What is pkiehlp1.dll?

Pkiehlp1.dll is a browser extension for Internet Explorer. This add-on enables several additional functions for Internet Explorer. You can disable it through the Extras menu (key combination Alt + X) under Manage Add-ons. The following paragraph provides more information about PKIEhlpr Module.

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Pkiehlp1.dll file information

The process known as PKIEhlpr Module belongs to software PKIEhlpr Module or UNIdentity Mobipassword by IGD Security.

Description: Pkiehlp1.dll is not essential for Windows and will often cause problems. Pkiehlp1.dll is located in the C:\Windows\System32 folder. The file size on Windows 10/8/7/XP is 32,768 bytes. 
This .dll file is a Browser Helper Object (BHO) that runs automatically every time you start your web browser. BHOs are not stopped by personal firewalls, because they are identified by the firewall as part of the browser itself. BHOs are often used by adware and spyware. IDs used by this BHO include FF32A4CE-E54D-11D3-9FB7-E3582B1BD44D. Pkiehlp1.dll is a file with no information about its developer. The program is not visible. Pkiehlp1.dll is an unknown file in the Windows folder. Pkiehlp1.dll is able to change the behavior of, or monitor Internet Explorer. There is no detailed description of this service. The pkiehlp1.dll file is not a Windows system file. Therefore the technical security rating is 51% dangerous, however you should also read the user reviews.

Recommended: Identify pkiehlp1.dll related errors

If pkiehlp1.dll is located in a subfolder of C:\Windows, the security rating is 72% dangerous. The file size is 131,072 bytes (50% of all occurrences) or 102,400 bytes. It is located in the Windows folder, but it is not a Windows core file. The program is not visible. It is able to change the behavior of, or monitor Internet Explorer. There is no detailed description of this service. The pkiehlp1.dll file is not a Windows system file.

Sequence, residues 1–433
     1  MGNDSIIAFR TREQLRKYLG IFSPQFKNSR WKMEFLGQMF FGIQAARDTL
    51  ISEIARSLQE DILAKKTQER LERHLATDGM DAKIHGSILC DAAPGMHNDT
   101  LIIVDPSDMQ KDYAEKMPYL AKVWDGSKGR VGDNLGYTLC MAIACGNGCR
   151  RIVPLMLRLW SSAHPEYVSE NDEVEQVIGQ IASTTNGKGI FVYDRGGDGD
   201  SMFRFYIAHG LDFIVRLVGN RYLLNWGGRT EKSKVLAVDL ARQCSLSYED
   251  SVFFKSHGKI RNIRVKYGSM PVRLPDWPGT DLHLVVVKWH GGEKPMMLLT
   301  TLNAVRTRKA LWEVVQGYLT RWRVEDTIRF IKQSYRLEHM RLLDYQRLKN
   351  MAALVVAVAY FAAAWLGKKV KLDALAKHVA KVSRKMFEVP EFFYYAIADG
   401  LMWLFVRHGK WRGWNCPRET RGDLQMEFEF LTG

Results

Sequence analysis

External information from Tony Klein:

Important: Some malware disguises itself as pkiehlp1.dll, particularly when not located in the C:\Windows\System32 folder. Therefore, you should check the pkiehlp1.dll process on your PC to see if it is a threat. If PKIEhlpr Module has changed your browser's search engine and start page, you can recover your browser's default settings as follows:

Reset default browser settings for Internet-Explorer ▾
  1. In Internet Explorer, press the key combination Alt + X to open the Tools menu.
  2. Click Internet options.
  3. Click the Advanced tab.
  4. Click the Reset... button.
  5. Enable the Delete personal settings option.
This will reset your Internet Explorer to its default settings. Your browser will start with the familiar start page and search engine—without popups, ads, cookies, but all browser add-ons are deleted too [1]. Make cleaning up your browser and your computer simpler and safer with Security Task Manager.


User Comments

part from MobiPassword tool

Summary: Average user rating of pkiehlp1.dll: based on 2 votes with 1 user comment. One user thinks pkiehlp1.dll is essential for Windows or an installed application. One user suspects danger.

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Best practices for resolving pkiehlp1 issues

The following programs have also been shown useful for a deeper analysis: ASecurity Task Manager examines the active pkiehlp1 process on your computer and clearly tells you what it is doing. Malwarebytes' well-known Banti-malware tool tells you if the pkiehlp1.dll on your computer displays annoying ads, slowing it down. This type of unwanted adware program is not considered by some antivirus software to be a virus and is therefore not marked for cleanup.

A clean and tidy computer is the key requirement for avoiding PC trouble. This means running a scan for malware, cleaning your hard drive using 1cleanmgr and 2sfc /scannow, 3uninstalling programs that you no longer need, checking for Autostart programs (using 4msconfig) and enabling Windows' 5Automatic Update. Always remember to perform periodic backups, or at least to set restore points.

Should you experience an actual problem, try to recall the last thing you did, or the last thing you installed before the problem appeared for the first time. Use the 6resmon command to identify the processes that are causing your problem. Even for serious problems, rather than reinstalling Windows, you are better off repairing of your installation or, for Windows 8 and later versions, executing the 7DISM.exe /Online /Cleanup-image /Restorehealth command. This allows you to repair the operating system without losing data.

Other processes

pkiehlp1.dll [all]